■ FIGURE 21.
■ FIGURE 22.
■ FIGURE 23.
■ FIGURE 24. End bend.
■ FIGURE 25. The DS1307RTC kit.
USB Logic Analyzer
blue wire that wasn’t very visible over the Arduino, so I
right-clicked on it and got the option to change the wire
color to yellow. I then changed the Arduino ground wire
color from blue to black. I suggest you change all the
wire colors to match the illustration in Figure 1, just to
keep things simple.
Right angle bends are fine, but when you build this
with real wires you are going to have a lot of curves.
Fritzing helps illustrate this by
allowing you to add curved bends.
Just hold down the CTRL key when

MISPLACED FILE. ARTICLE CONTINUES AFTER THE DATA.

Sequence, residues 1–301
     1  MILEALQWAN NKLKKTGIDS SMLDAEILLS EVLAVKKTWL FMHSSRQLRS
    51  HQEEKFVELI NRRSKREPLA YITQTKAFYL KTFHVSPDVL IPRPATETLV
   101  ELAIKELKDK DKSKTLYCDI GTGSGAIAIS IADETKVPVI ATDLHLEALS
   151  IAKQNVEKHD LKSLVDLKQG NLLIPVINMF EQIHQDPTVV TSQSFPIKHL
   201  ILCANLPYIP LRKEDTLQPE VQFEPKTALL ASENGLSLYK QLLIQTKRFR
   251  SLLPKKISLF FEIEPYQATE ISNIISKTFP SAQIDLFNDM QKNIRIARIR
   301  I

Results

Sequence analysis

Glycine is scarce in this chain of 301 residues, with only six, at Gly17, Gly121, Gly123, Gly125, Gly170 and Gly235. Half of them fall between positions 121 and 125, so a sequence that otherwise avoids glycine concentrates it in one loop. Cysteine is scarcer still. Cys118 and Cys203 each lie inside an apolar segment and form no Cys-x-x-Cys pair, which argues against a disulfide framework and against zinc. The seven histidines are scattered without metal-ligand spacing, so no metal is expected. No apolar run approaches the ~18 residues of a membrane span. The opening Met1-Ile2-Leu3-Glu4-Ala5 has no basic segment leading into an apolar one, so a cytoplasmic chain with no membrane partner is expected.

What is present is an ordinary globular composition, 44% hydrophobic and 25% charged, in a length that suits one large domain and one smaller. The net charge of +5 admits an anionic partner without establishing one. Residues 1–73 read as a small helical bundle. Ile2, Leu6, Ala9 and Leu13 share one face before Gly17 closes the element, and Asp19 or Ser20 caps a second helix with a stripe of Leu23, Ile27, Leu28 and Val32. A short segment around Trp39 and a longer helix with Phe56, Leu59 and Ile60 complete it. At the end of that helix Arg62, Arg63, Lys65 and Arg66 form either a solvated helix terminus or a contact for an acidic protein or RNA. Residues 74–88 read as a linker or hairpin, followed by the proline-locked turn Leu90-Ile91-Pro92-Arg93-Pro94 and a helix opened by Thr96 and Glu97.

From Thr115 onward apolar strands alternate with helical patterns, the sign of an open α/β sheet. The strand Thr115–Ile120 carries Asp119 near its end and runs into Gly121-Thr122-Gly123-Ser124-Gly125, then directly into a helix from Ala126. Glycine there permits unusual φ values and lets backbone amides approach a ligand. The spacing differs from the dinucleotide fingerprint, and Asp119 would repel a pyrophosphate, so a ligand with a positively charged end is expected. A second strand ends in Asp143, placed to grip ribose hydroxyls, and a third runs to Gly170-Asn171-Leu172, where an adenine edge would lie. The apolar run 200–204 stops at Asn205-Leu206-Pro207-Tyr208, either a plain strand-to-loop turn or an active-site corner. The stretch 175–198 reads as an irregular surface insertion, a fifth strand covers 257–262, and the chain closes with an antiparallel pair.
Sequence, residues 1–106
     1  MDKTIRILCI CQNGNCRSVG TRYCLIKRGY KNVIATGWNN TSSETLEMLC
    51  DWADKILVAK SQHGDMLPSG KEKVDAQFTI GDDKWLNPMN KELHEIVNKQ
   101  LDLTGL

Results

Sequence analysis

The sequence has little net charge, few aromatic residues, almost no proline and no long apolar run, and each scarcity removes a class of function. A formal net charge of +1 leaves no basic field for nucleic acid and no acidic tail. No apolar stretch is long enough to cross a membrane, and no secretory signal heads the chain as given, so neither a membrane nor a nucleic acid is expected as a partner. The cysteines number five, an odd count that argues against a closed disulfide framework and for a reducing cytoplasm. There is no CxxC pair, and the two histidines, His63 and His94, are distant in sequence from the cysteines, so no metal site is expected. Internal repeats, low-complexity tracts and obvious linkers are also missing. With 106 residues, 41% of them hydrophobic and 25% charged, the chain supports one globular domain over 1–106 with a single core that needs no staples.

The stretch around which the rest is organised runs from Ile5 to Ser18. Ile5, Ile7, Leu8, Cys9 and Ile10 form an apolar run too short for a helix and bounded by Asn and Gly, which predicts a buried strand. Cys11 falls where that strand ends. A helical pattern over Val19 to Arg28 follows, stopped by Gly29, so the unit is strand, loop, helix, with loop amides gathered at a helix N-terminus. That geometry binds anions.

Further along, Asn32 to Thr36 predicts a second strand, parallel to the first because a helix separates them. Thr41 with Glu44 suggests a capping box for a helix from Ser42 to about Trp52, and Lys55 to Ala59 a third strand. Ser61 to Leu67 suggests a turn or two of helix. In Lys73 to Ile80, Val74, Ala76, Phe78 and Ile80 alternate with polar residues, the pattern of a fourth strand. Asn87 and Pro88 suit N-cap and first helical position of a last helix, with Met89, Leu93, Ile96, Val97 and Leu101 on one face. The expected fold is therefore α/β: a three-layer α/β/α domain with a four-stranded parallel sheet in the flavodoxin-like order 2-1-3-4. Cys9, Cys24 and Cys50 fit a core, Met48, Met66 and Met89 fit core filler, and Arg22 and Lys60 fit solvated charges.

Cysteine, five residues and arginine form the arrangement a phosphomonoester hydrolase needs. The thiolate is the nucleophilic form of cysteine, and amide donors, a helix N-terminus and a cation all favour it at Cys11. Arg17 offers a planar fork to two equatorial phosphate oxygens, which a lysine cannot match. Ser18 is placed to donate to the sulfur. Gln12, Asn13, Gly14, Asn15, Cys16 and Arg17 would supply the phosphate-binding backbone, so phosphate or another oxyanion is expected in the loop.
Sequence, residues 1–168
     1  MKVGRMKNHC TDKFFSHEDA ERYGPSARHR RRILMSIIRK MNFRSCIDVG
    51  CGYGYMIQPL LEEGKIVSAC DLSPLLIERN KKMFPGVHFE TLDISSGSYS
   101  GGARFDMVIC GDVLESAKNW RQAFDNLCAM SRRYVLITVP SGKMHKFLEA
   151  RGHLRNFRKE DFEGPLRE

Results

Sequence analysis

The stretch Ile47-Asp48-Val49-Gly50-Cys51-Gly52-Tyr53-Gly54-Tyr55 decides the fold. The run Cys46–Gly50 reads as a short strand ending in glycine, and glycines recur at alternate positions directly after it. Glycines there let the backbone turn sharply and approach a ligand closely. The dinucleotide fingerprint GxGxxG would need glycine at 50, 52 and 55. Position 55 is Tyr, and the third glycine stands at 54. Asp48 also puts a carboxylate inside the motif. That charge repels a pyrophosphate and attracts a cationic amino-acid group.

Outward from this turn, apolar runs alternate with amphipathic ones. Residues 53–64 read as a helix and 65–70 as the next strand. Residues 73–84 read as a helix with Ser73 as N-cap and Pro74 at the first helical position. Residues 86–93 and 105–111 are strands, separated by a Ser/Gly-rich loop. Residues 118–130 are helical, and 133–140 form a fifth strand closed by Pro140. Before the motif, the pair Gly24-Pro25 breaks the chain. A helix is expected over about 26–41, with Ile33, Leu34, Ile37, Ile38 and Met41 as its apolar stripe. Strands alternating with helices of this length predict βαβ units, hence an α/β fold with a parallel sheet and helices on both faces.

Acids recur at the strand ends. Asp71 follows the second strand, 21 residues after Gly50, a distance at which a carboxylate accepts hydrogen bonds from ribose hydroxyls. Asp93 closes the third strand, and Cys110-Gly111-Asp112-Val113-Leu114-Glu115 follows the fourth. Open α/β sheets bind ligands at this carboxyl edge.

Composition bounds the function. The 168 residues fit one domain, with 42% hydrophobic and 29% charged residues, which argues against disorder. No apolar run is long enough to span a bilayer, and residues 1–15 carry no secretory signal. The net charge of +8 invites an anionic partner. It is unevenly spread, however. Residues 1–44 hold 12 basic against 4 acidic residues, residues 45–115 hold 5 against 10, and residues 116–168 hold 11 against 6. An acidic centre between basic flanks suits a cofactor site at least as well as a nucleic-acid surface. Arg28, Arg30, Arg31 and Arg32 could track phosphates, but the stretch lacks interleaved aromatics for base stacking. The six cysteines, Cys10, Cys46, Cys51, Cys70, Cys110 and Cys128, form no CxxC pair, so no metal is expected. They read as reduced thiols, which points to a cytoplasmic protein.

you left-click on a wire, and you’ll
get a rounded bend. This is
something you need to fool around
with a bit since describing it isn’t as
useful as actually watching what
happens. You should get something
like the curves shown in Figure 1.
Now we know how last
month’s Arduino/DS1307 RTC on
a breadboard was generated. We
are now ready to use this design in
Fritzing to generate a schematic
and layout for a printed circuit
board — which we will do next
month in Part 2.
Pocket-Sized Digital Oscilloscope
Another Real Time
Arduino Uno Starter Kit
FM Transmitters Timers Audio Amplifiers Motor Controllers • • • • Custom Designs
4-Port USB Relay Controller with
6-Channel Analog/Digital Interface
This two-part Fritzing tutorial
shows you how to design and build
your own DS1307-based real time
clock. If you just want one to play
with, you can purchase the
DS1307RTC kit (which contains all
the parts you’ll need) from the
Nuts & Volts Webstore. See you
next time. NV